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AbbVie's headquarters in Illinois. Photo: AbbVie

Bill Chase, chief financial officer of AbbVie, on Wednesday explained the company's long-term strategy for Humira, the top-selling drug in the world, to Wall Street investors at an industry conference:

"You've seen us execute very nicely with our legal strategy and the settlements around the U.S. events to delay the onset of [loss of Humira's exclusivity] into the 2022-2023 time period."

Between the lines: This is a pretty candid moment. Cheaper versions of Humira are hitting European markets next month, and a top AbbVie executive is celebrating two separate deals that would prevent that from happening in the U.S. — where Humira's annual costs are as much as a high-end car — for five years.

Go deeper

Stalemate over filibuster freezes Congress

Illustration: Sarah Grillo/Axios

Senate Majority Leader Chuck Schumer and Mitch McConnell's inability to quickly strike a deal on a power-sharing agreement in the new 50-50 Congress is slowing down everything from the confirmation of President Biden's nominees to Donald Trump's impeachment trial.

Why it matters: Whatever final stance Schumer takes on the stalemate, which largely comes down to Democrats wanting to use the legislative filibuster as leverage over Republicans, will be a signal of the level of hardball we should expect Democrats to play with Republicans in the new Senate.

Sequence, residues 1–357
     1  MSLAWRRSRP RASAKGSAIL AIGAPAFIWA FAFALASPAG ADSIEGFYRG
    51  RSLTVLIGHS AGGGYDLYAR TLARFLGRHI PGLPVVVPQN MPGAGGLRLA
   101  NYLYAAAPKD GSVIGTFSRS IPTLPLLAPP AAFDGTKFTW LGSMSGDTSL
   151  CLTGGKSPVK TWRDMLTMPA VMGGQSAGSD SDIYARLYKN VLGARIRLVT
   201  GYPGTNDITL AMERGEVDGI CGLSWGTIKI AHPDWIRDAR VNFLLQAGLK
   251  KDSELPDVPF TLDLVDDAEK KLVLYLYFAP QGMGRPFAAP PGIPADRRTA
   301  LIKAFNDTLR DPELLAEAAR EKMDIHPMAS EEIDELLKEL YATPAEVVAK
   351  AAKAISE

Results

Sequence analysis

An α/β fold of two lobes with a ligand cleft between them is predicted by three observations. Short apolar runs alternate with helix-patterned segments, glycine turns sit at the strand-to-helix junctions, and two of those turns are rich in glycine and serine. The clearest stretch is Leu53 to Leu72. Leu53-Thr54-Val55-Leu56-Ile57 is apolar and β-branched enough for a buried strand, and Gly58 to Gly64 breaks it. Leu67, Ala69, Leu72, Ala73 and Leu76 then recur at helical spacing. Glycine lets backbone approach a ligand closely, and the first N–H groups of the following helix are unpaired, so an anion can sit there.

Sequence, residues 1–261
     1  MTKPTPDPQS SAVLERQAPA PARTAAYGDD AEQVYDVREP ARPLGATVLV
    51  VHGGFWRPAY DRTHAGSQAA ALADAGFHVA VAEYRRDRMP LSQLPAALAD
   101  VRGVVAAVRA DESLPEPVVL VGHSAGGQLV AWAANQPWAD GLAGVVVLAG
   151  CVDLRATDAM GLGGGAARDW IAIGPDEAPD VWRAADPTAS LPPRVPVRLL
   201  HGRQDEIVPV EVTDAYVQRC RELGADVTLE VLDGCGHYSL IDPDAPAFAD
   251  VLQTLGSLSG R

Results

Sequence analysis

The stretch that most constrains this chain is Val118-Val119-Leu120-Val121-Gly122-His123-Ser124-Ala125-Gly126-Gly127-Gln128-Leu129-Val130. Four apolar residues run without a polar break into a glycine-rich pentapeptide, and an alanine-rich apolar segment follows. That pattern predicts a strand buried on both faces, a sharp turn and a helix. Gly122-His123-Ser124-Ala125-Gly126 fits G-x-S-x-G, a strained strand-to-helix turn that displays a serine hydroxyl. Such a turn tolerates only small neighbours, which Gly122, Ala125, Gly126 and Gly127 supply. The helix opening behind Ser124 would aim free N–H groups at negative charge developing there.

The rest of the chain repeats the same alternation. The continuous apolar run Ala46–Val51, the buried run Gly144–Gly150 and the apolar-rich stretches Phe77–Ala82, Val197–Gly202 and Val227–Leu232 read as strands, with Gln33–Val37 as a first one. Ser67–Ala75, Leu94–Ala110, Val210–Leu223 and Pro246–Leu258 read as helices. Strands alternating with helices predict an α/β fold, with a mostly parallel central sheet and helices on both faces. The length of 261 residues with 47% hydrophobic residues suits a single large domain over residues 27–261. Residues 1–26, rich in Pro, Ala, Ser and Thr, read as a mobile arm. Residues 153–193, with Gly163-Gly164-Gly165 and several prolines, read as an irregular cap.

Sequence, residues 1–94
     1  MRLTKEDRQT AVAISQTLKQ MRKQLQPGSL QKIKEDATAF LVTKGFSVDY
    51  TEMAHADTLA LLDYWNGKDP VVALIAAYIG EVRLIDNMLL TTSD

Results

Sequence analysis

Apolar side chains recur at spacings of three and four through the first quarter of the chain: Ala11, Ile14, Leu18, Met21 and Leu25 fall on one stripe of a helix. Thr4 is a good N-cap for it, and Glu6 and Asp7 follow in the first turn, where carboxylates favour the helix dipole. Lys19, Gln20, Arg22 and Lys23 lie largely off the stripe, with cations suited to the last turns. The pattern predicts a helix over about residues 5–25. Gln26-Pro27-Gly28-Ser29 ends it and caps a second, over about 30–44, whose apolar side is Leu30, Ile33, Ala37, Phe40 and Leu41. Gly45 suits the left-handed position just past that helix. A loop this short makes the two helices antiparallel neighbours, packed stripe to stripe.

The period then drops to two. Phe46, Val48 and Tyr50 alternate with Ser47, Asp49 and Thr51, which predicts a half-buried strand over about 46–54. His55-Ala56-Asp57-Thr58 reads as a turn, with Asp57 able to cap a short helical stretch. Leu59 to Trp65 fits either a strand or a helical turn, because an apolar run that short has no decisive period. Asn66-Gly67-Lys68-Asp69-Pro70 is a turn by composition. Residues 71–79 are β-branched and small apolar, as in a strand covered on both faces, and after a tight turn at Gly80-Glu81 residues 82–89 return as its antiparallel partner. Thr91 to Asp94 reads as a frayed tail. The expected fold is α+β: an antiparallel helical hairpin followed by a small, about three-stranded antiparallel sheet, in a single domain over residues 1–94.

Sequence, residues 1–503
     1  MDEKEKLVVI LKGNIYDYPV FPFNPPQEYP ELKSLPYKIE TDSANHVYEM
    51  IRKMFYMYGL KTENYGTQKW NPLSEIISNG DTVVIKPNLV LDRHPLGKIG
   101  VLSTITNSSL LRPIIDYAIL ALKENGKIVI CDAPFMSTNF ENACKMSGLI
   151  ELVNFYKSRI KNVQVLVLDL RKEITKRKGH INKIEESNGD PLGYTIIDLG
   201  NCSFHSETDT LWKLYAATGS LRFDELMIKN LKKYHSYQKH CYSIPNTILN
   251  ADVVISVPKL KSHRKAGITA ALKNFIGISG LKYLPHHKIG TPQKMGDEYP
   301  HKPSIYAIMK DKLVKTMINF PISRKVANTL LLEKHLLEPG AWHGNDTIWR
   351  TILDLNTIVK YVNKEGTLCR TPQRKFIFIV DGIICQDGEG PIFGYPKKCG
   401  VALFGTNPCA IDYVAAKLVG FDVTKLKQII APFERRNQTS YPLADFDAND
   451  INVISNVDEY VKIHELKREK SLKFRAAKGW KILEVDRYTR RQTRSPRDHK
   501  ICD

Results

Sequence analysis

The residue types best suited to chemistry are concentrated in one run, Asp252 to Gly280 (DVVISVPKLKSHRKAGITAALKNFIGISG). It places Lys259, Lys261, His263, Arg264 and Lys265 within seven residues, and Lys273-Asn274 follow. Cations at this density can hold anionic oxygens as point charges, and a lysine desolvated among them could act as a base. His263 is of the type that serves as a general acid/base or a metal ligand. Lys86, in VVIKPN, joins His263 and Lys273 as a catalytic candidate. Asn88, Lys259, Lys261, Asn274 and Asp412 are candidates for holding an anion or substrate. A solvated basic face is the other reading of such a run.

Dave Lawler, author of World
2 hours ago - World

Biden opts for five-year extension of New START nuclear treaty with Russia

Putin at a military parade. Photo: Valya Egorshin/NurPhoto via Getty

President Biden will seek a five-year extension of the New START nuclear arms control pact with Russia before it expires on Feb. 5, senior officials told the Washington Post.

Why it matters: The 2010 treaty is the last remaining constraint on the arsenals of the world's two nuclear superpowers, limiting the number of deployed nuclear warheads and the bombers, missiles and submarines which can deliver them.

Updated 2 hours ago - Technology

Facebook refers Trump ban to independent Oversight Board for review

Photo: Alex Edelman/AFP via Getty Images

Facebook's independent Oversight Board has accepted a referral from the platform to review its decision to indefinitely suspend former President Trump.

Why it matters: While Trump critics largely praised the company's decision to remove the then-president's account for potential incitement of violence, many world leaders and free speech advocates pushed back on the decision, arguing it sets a dangerous precedent for free speech moving forward.